How Technology Helps Increase Visibility in Unpredictable Climate

Rich data insights provide transportation planners with valuable information needed to help increase traffic throughput, identify and eliminate bottlenecks and increase the overall efficiency of roadways.

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From unprecedented consumer spending to labor shortages in the trucking and shipping industries, supply chain issues are bringing holiday shopping woes extra early this year. Experts from some of the largest U.S. organizations predict another six months, maybe 12, before the disruption subsides.

With distributors and retailers downstream from the effects of the supply chain dilemma, they are put in the unfortunate position of having to plan for the unknown—again. Taking lessons learned from the Coronavirus disease (COVID-19) shutdowns, lockdowns and panic buying, some have announced an increase in their delivery hours, while others are partnering with suppliers to construct an efficient shipping strategy of which supply chain visibility will be key.

Given the importance of visibility, it’s surprising that, according to research from SP Global, only 6% of companies report full visibility into their supply chain. This affects every aspect of business operations down to the consumers, who are increasingly demanding or expecting updates on the location of their packages, from the point of purchase to every touchpoint and stop along the way, as well as notifications in the event of delays. Never before have there been such advanced tracking technologies. Consider telematics, which power the systems that help monitor the movement of vehicles and goods and enable regular notifications of location and progress. For decades, fleets have depended on telematics for insight into every aspect of trucking operations, including fuel efficiency, predictive vehicle maintenance, driver safety and route planning. 

Over the years, telematics has evolved to include innovative mobile apps, third-party integrations and business services, as well as in-vehicle cameras, tire pressure monitoring and real-time temperature monitoring, which has been invaluable to the cold supply chain. Prior to January 2011, when the U.S. Food and Drug Administration (FDA) introduced the Food Safety Modernization Act (FSMA), tens of millions of people in America alone fell sick each year from foodborne diseases as a result of insufficiencies in the cold chain. Since then, the trucking industry, which moves 72.5% of all freight (11.84 billion tons) transported in the United States, adheres to stringent requirements that not only help keep foods and medicines at safe temperatures but also prevent costs from skyrocketing.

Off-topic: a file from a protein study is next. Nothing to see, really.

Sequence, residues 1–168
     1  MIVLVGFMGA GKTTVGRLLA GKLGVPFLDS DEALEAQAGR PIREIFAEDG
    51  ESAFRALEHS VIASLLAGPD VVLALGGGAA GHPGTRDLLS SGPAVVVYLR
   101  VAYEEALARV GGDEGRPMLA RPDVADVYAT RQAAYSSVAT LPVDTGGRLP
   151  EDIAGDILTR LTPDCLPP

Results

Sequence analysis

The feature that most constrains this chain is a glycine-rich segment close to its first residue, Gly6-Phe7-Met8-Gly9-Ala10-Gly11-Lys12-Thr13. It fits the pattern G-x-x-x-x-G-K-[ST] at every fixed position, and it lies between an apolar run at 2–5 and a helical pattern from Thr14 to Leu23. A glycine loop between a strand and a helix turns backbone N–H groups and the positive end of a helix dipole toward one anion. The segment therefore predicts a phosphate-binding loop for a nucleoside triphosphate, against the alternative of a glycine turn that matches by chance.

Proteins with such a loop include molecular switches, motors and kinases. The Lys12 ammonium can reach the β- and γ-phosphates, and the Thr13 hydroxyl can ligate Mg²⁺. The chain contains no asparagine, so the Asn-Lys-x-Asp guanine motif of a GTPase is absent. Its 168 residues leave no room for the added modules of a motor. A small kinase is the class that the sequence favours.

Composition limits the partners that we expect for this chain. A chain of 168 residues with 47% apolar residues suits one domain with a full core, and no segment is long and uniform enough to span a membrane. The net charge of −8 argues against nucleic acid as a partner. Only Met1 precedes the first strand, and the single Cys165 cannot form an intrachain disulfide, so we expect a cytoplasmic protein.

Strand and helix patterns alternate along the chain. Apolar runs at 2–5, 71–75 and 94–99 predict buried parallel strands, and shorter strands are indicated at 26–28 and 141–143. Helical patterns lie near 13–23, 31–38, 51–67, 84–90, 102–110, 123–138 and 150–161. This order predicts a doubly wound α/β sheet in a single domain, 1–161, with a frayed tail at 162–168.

This holiday season will undoubtedly bring disappointment to some consumers unable to fulfill wish lists. But, there has never been a time in history where shoppers have had more choices in products from both local and international markets. When one door closes, another opens. Moving forward, still learning lessons from the dramatic changes of the past 18-plus months, there are tried-and-tested solutions to improve the way things move. Just as the cold supply chain and consumers benefited from sensors and tracking technologies that are keeping perishables preserved through to the last mile, so too can the shipping ecosystem ensure visibility. At the core, it’s data that provides insight, and it’s data that empowers decisionmakers to take more informed actions that can have far-reaching benefits.

For example, newer intelligent transportation systems, which combine data driven from sophisticated in-vehicle sensors and other measurement tools with rich data analytics services, can provide context around the types of vehicles moving throughout a specific area, where they are specifically moving (such as along a city street, highway or frontage road), what they are transporting and more. 

These rich data insights provide transportation planners with valuable information needed to help increase traffic throughput, identify and eliminate bottlenecks and increase the overall efficiency of roadways, ensuring that last-mile deliveries efficiently make it to their final destinations.

At the distributor and retailer level, with enhanced visibility into the transportation of goods, fleets of all sizes will be able to optimize their routes to help ensure that goods are reaching ports, warehouses, stores or homes on time and before the holiday deadline. In the future, expect telematics to help add further visibility, letting retailers and customers know how much carbon was spent along the entire supply chain, which has become more important with the global climate challenges facing every country on the planet.